That’s how long U.S. Secretary of Health and Human Services Kathleen Sebelius recently warned it would take for Republicans to undo LGBT progress of the last three years if Mitt Romney wins the presidential election in November.
The past few years have seen a number of changes in the lives LGBT Americans, including the repeal of Don’t Ask, Don’t Tell and President Barack Obama’s endorsement of marriage equality. But in Sebelius’ department, there’s a lot of progress to be undone – and a lot funding that could trickle to a halt. Health and Human Services (HHS) has given tens of millions of dollars in landmark grant funding to LGBT health programs across the country.
“There's greater potential and likelihood of LGBT programs receiving public funds because this administration is giving a fair approach. It's giving fair consideration. It's inevitable that our programs will start to see funding,” Michael Adams says. He’s executive director of SAGE, Services and Advocacy for Gay, Lesbian, Bisexual and Transgender Elders, which received a federal grant in 2010 to create the first national resource center for care providers serving aging LGBT communities.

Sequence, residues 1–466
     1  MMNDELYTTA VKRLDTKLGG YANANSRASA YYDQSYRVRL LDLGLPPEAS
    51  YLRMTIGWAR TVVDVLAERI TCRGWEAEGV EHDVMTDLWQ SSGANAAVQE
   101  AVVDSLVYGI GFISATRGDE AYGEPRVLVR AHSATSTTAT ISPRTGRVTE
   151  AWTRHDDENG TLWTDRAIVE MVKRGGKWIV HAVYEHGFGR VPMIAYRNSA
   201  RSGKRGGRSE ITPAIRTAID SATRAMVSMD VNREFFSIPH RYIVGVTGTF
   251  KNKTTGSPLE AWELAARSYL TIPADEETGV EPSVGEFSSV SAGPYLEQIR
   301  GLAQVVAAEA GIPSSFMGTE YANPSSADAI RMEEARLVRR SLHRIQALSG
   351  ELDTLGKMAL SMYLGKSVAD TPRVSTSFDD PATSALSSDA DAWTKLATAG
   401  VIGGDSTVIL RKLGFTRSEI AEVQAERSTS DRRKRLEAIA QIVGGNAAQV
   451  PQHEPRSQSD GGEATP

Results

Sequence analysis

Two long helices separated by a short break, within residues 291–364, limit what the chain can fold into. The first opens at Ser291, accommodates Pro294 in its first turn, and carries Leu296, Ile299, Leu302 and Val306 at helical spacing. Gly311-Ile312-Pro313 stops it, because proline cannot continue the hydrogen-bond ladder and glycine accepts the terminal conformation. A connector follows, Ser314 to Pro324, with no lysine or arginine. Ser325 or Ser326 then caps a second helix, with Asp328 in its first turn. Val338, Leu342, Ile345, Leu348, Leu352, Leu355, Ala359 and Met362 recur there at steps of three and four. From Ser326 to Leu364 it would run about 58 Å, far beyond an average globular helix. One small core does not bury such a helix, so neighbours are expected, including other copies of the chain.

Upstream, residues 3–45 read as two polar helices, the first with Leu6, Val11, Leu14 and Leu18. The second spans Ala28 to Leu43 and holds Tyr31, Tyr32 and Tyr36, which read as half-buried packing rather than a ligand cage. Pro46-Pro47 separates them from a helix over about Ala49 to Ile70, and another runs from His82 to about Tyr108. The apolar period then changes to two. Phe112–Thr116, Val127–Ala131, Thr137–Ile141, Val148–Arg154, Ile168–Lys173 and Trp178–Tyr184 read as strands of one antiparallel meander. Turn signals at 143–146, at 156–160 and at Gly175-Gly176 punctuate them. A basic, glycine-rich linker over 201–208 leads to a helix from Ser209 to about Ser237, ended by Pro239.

“Prior to President Obama coming into office in 2009, there was just not an open door about government support," Adams says. "It simply could not have been on the table in the Bush administration that preceded Obama. It was the arrival of President Obama that leveled the playing field and made it possible for LGBT health-related and aging programs to receive funding. It's not special treatment. It's about being treated fair and equally, and that wasn't happening.”
LGBT community health centers have benefitted in particular. The Administration for Children and Families, for example, promised $13.3 over five years to the L.A. Gay & Lesbian Center in 2010 to create a support program for LGBT foster youth, the largest federal grant ever allocated to an LGBT organization. Under budgets for expanding the operation of community health centers included in the Affordable Care Act, Chase Brexton Health Services in Baltimore and Fenway Health in Boston received $5 million and $3.7 million respectively as a part of a $728 million grant.
Historically, community health centers have had bipartisan support ever since the Office of Economic Opportunity established them in 1965. But LGBT health was left out of the equation, until now.
“HHS is doing amazing changes. Sebelius has been completely behind us,” says Scout, who goes by one name. He’s the fast-talking director of the Network for LGBT Health Equity at the Fenway Institute in Boston and a longtime advocate for improving LGBT health.